Green's functions are summable to a higher degree,
Fang-Hua Lin type estimates, which is one of the
main tools in the $W^{2}_{p}$-theory of fully nonlinear
elliptic equations, and a few other results.

Conditioned limit theorems for products of random matrices and Markov chains with applications to branching processes.

When: Wed, October 30, 2019 - 2:00pm
Where: Kirwan Hall 1313
Speaker: Ion Grama (Université de Bretagne-Sud) -
Abstract: Consider a random walk defined by the consecutive action of independent identically distributed random matrices on a starting point outside the unit ball in the d dimensional Euclidean space. We study the first moment when the walk enters the unit ball. We study the exact behaviour of this time and prove conditioned limit theorems for the associated Markov walk. This extends to the case of walks on group GL(d,R) the well known results by Spitzer. The existence of the harmonic function related to the Markov walk turns out to be crucial point of the proof. We have extended these results to general Markov chains and applied them to study the branching processes in Markov environment.

Product of random matrices depending on a parameter.

When: Wed, November 20, 2019 - 2:00pm
Where: Kirwan Hall 1313
Speaker: Ilya Goldsheid (Queen Mary, University of London) -
Abstract: In this talk, I shall consider products of i.i.d. matrices $g_j(t),\ j\ge 1,$ where $t$ is a parameter, $\ t\in T,$ and $T$ is a compact metric space. Matrices $g(\cdot)$ are continuous functions of $t$. I shall discuss necessary and sufficient conditions under which with probability 1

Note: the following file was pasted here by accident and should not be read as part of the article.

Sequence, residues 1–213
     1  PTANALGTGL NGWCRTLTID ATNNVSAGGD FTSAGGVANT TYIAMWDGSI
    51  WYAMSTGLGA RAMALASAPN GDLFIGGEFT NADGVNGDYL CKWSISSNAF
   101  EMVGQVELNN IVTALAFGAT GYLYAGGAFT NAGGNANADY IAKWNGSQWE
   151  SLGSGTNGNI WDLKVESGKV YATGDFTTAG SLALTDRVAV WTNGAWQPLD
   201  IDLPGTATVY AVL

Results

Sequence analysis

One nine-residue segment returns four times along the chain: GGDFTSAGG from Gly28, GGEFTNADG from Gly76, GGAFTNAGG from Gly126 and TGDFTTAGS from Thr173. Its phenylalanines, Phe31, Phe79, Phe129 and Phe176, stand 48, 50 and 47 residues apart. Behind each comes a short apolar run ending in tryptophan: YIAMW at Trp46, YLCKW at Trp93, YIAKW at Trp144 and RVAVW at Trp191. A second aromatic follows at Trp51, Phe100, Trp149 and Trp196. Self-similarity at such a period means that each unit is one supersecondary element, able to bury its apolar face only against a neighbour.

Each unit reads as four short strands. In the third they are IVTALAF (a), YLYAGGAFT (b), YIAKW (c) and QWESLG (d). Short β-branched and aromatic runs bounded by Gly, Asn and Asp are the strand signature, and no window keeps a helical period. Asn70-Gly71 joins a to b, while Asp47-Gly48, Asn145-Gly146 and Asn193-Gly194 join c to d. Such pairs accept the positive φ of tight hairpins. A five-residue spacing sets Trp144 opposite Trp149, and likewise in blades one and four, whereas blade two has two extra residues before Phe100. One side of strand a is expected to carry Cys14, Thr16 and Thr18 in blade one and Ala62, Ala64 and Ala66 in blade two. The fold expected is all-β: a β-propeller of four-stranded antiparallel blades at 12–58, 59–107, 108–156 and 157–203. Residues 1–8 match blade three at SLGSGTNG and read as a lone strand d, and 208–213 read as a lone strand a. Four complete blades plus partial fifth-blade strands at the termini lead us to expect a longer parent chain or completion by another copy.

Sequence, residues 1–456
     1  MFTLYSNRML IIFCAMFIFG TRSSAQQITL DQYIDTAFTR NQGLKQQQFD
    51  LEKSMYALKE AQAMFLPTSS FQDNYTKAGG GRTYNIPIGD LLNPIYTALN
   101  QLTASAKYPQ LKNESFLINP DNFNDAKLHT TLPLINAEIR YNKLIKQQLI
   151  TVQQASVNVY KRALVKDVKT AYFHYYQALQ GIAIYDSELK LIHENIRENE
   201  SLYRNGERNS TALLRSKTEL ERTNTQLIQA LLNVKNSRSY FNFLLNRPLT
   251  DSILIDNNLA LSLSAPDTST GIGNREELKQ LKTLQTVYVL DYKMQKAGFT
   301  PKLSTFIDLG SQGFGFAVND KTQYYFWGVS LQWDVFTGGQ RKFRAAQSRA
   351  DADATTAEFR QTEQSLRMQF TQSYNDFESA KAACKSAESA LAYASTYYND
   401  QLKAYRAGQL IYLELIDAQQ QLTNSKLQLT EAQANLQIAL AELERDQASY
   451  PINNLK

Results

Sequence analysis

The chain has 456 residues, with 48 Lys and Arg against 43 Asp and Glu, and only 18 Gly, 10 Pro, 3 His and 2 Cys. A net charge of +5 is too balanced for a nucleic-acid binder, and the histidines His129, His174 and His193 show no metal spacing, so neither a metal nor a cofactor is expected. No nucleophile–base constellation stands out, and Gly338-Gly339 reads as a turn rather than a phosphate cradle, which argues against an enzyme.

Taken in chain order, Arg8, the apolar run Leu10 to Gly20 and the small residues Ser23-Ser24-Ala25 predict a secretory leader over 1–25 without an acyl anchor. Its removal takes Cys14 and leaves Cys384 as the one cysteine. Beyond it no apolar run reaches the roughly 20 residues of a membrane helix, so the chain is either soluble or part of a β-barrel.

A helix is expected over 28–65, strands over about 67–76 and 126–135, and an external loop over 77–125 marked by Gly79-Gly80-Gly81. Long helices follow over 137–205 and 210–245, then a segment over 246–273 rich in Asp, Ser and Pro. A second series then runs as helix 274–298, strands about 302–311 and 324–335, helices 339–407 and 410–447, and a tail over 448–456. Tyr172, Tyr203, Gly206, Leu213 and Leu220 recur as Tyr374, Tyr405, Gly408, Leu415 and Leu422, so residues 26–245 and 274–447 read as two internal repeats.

\frac1n \ln\| g_n(t)\ldots g_1(t)\| \lambda(t)\ \ \text{ uniformly in $t\in T$,}
where $\lambda(t)$ is the corresponding Lyapunov exponent.
I shall then explain what happens when $g_j$ are matrices corresponding to the Anderson model and the parameter is the energy $E$ and, time permitting, shall discuss some open problems.

The distributions of the Dickman–Goncharov type and their applications

When: Fri, February 21, 2020 - 2:00pm
Where: Kirwan Hall 1313
Speaker: Stanislav Molchanov (UNCC) -
Abstract: The subject of the talk will be a mysterious distribution law introduced
in the middle of 20th century independently by K. Dickman and V. Goncharov in completely different settings (prime numbers and the symmetric group S_n). This law has numerous applications but is not well known in the probabilistic community. The goal of the presentation is to discuss the basic concepts and recent developments.

Existence and Uniqueness for the mild solution of the stochastic heat equation with non-Lipschitz drift on an unbounded spatial domain

When: Wed, March 11, 2020 - 3:00pm
Where: Kirwan Hall 1313
Speaker: Michael Salins (Boston University) -
Abstract: I prove the existence and uniqueness of the mild solution for a nonlinear stochastic heat equation defined on an unbounded spatial domain. The nonlinearity is not assumed to be globally, or even locally, Lipschitz continuous. Instead the nonlinearity is assumed to satisfy a one-sided Lipschitz condition. First, I introduce a strengthened version of the Kolmogorov continuity theorem to prove that the stochastic convolutions of the fundamental solution of the heat equation and a spatially homogeneous noise grow no faster than polynomially. Second, a deterministic mapping that maps the stochastic convolution to the solution of the stochastic heat equation is proven to be Lipschitz continuous on polynomially weighted spaces of continuous functions. These two ingredients enable the formulation of a Picard iteration scheme to prove the existence and uniqueness of the mild solution.


When: Wed, April 22, 2020 - 2:00am
Where: Kirwan Hall 1313
Speaker: Francoise Pene (Université de Brest) -